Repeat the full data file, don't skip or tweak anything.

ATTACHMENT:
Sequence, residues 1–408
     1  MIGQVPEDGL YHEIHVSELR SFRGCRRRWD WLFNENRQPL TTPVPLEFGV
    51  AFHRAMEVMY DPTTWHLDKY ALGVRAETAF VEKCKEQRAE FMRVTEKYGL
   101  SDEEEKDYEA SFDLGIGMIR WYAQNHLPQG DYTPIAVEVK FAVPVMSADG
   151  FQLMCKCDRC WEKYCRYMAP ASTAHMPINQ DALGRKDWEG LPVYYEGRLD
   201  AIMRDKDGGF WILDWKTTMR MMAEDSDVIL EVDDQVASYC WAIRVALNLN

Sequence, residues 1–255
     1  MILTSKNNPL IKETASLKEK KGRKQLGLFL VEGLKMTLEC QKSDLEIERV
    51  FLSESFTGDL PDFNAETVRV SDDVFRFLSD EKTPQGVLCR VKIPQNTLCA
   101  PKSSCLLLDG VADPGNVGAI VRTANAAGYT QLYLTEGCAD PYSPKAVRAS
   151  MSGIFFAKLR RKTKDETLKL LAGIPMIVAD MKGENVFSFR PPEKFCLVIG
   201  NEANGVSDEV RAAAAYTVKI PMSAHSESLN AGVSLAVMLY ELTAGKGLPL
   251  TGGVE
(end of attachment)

Sequence, residues 1–408
     1  MIGQVPEDGL YHEIHVSELR SFRGCRRRWD WLFNENRQPL TTPVPLEFGV
    51  AFHRAMEVMY DPTTWHLDKY ALGVRAETAF VEKCKEQRAE FMRVTEKYGL
   101  SDEEEKDYEA SFDLGIGMIR WYAQNHLPQG DYTPIAVEVK FAVPVMSADG
   151  FQLMCKCDRC WEKYCRYMAP ASTAHMPINQ DALGRKDWEG LPVYYEGRLD
   201  AIMRDKDGGF WILDWKTTMR MMAEDSDVIL EVDDQVASYC WAIRVALNLN

Sequence, residues 1–255
     1  MILTSKNNPL IKETASLKEK KGRKQLGLFL VEGLKMTLEC QKSDLEIERV
    51  FLSESFTGDL PDFNAETVRV SDDVFRFLSD EKTPQGVLCR VKIPQNTLCA
   101  PKSSCLLLDG VADPGNVGAI VRTANAAGYT QLYLTEGCAD PYSPKAVRAS
   151  MSGIFFAKLR RKTKDETLKL LAGIPMIVAD MKGENVFSFR PPEKFCLVIG
   201  NEANGVSDEV RAAAAYTVKI PMSAHSESLN AGVSLAVMLY ELTAGKGLPL
   251  TGGVE